Coskun receives IBM faculty award
By Colbi Edmonds
Associate Professor Ayse Coskun earned an IBM Faculty Award to advance her research on AI-driven data fusion techniques to inherently increase robustness and security of modern application development and deployment on the cloud, also known as DevSecOps.
Even though developers do their best to prevent security and compliance issues, these problems still arise often in the rapid software development cycles today. DevSecOps’ current approach focuses on automated compliance and vulnerability checks that attempt to reduce the number of non-compliant codes in production by capturing them as soon as possible in the pipeline. However, information compartmentalization is a drawback.
Data from the modern cloud — such as DevSecOps events, infrastructure-level metrics, application-level telemetry, in-production continuous vulnerability and compliance checks, and the DevSecOps pipeline — can be fused with compliance and security incidents to trace back to the offending application code. Designing such data fusion and analytics methods for the cloud is where Coskun’s work will advance DevSecOps. Her team will investigate AI-driven data fusion by navigating the compiled cross-layer data to provide insights on how to fix vulnerable codes and services, identifying whether incidents are related to compliance and security violations, and infusing AI into the DevSecOps pipeline as a preventative measure. Coskun’s PhD students Mert Toslali and Anthony Byrne have been working on related projects already.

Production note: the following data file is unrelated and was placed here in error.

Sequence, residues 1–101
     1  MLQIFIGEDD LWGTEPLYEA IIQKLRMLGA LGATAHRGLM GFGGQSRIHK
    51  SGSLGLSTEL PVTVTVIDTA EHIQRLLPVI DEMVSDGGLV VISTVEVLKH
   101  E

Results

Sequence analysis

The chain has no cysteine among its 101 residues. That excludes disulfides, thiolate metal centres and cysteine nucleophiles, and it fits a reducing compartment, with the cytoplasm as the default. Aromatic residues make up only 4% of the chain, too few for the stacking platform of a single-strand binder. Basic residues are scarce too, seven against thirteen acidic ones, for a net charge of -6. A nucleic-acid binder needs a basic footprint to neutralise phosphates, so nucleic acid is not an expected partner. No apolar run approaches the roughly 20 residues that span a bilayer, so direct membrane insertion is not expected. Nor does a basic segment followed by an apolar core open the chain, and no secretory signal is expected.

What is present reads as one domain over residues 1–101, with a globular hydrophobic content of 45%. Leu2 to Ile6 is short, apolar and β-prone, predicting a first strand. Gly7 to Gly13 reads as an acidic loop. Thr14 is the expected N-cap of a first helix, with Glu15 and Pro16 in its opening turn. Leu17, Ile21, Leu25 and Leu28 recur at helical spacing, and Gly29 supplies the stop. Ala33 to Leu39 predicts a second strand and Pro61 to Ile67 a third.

Coskun has collaborated with IBM for several years and her team published their research results at prestigious venues such as IEEE Transactions on Cloud, ACM Middleware, IEEE Big Data Conference, HotCloud, and others. In addition to papers, Coskun and her team have earned patents, released tools, held seminars, and created successful internships for PhD and undergraduate students in collaboration with IBM Research. Outcomes of this collaboration also contributed to IBM’s Bluemix Vulnerability Advisor and to the iter8 toolchain. Coskun’s team have demonstrated the promise of AI-based methods in cloud analytics, particularly in detecting vulnerable code rapidly, in projects such as DeltaSherlock, Praxi, and ACE.
Previously, Prof. Coskun received several prestigious awards (including IEEE Ernest Kuh Early Career Award, NSF CAREER award, several best paper/artifact awards, and an invitation to the prestigious NAE Frontiers Symposium) and has published over 100 scientific papers at top-tier journals and conferences. Her team has periodically released tools and techniques in open-source repositories to the community. These releases include Praxi, a framework Coskun’s team developed in collaboration with IBM for AI-based vulnerable software discovery in the cloud.